Career Advice for Young Hollywood

Even if you climb to the top of the Young Hollywood ladder, you still have to face the frightening task over a deep, deep ravine into the Land of Adult Actors. Since many once-blazing careers have dropped into that particular abyss, we here offer up completely unsolicited career advice from eight thespian Evel Knievels.


WINONA RYDER's entire career to date has been just one surprise after another, almost all of them pleasant. Who'd have guessed that the talented young tomboy of Lucas and Square Dance would turn up as the irresistibly deadpan, morbid teen daughter in the comedy smash Beetlejuice?

Or that she'd not only emerge unscathed from the disastrous Great Balls of Fire!, but win hearts in the process with that loopy, wide-eyed child bride routine? And yet none of that prepared anyone for Ryder's development into both a real beauty and Hollywood's drollest comedienne in the it-only-gets-better-with-age black comedy Heathers. Ryder continued to surprise everyone with Mermaids, where she deftly stole the whole show from Cher (no small feat--name another teen who could have done so) while managing to make such vintage gags as going gaga over a beau's leather jacket seem mint fresh. Of course, Winona did let her Beetlejuice director Tim Burton demonstrate, in the otherwise inventive Edward Scissorhands, that she could be made to seem as bland as any other generic blonde cheerleader (gee thanks, Tim). But the next rabbit out of Ryder's hat surprised us most of all: After departing Godfather III (thus paving the way for Sofia Coppola--gee thanks, Winona), she was the first to sign up for Coppola's next film, Bram Stoker's Dracula.

Our Advice: She's the most versatile actress in her age group, but she has yet to make that jump to the adult roles that will turn us all into faithful fans forever. Natalie Wood, to whom Winona compares, did it, and we're betting Winona can too. She won't do it by making a movie like Night on Earth for outre director Jim Jarmusch, no matter how good she or it is. She will do it by working with top Hollywood director Francis Coppola in popular fare (Dracula), and with top director Martin Scorsese in grown-up class (The Age of Innocence). In terms of her film choices, Winona is doing the right thing. So our advice is: Get lots of rest, take vitamins, don't fall in love too fast, and don't ever walk off another movie.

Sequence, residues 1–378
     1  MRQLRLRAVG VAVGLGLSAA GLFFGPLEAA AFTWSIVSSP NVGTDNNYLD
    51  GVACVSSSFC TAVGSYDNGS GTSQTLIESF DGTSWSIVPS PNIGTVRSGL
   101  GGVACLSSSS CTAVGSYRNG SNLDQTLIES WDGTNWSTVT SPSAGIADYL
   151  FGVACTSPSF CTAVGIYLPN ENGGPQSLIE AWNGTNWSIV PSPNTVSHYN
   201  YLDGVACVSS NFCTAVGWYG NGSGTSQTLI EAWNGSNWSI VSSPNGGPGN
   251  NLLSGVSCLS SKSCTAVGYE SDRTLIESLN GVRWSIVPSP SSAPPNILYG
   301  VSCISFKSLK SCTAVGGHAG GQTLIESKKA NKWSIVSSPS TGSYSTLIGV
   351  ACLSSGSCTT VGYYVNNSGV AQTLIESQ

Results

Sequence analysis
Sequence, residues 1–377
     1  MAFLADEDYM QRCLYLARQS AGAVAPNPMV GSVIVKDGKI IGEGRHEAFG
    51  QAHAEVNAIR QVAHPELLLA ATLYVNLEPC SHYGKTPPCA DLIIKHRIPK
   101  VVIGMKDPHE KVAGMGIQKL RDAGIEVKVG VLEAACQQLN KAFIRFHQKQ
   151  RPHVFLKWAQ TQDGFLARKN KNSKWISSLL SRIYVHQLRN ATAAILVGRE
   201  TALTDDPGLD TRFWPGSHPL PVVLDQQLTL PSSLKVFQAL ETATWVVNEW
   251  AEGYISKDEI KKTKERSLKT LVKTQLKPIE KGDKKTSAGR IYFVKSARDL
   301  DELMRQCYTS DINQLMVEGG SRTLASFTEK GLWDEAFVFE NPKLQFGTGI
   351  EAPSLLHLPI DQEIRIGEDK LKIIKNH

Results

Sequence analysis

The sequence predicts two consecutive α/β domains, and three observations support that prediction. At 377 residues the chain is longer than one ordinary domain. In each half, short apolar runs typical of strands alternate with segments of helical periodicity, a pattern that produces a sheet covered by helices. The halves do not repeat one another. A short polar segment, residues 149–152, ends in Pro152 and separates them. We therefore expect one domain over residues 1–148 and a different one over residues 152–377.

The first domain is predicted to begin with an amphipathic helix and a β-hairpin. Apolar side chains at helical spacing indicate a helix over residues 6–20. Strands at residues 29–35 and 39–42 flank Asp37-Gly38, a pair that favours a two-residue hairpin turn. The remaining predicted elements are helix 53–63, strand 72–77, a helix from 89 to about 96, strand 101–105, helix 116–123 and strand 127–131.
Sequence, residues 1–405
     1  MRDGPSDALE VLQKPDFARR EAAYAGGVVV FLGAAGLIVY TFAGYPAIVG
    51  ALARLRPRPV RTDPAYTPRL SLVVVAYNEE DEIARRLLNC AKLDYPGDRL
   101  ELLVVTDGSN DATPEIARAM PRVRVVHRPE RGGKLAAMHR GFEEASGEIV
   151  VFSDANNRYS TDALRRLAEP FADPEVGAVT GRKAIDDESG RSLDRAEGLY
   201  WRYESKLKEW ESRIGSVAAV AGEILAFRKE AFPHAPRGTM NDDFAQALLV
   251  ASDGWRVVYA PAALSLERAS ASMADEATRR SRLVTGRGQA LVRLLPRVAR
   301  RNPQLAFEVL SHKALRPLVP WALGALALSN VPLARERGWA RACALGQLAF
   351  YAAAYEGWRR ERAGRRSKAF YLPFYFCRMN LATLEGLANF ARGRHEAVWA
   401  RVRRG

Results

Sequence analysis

RIVER PHOENIX One of the reasons teen movies are so bad is that the teens they're aimed at can't bear realistic portraits of their usually unattractive existence. What teens identify with are cliched, simple-minded, idealized versions of themselves. No wonder, then, that River Phoenix never appeared in a strictly teen movie--shallowness is one of the areas outside his ken. Phoenix cut his teeth on teen roles in crossover or wholly adult movies like Stand by Me, The Mosquito Coast, and Running on Empty. And so he is the sole well-known young actor who has nothing to prove as he emerges out of adolescence into mature roles. He's the serious actor of his generation, and his skill has already been recognized by critics as well as by an Academy Award nomination. Moreover, he's showing steady growth. His portrayal of the hapless narcoleptic gay hustler in last year's My Own Private Idaho lifted that film from the level of an inspired shambles to the level of half-a-great-movie. The less seen Dogfight, released at the same time, was an equally sensitive, unvain performance. Other actors may mature as they approach 30--roughly the age at which most of them begin to show more interesting stuff--to give River Phoenix competition for roles that contain a complicated psychological dimension, but for now they'll have to take the hand-me-downs.

Our Advice: Hopefully, Phoenix's next, Sneakers, with Robert Redford, will let him show some more of his impressive comic timing--we wouldn't want him to exclusively brood. One thing River needs to pay attention to right now is the thing other young actors probably pay too much attention to--appearance. River's looked like hell in his past two movies, and while his characters justified this, it was a bit too convincing. If he wants to go around in real life looking like a bag person, that's his business--and it's the fashion among hip young actors (who naturally think they're above fashion). But on-screen, things are different. River need not worry about being taken for just a pretty face. He should realize he can't do with less than a great face, either.

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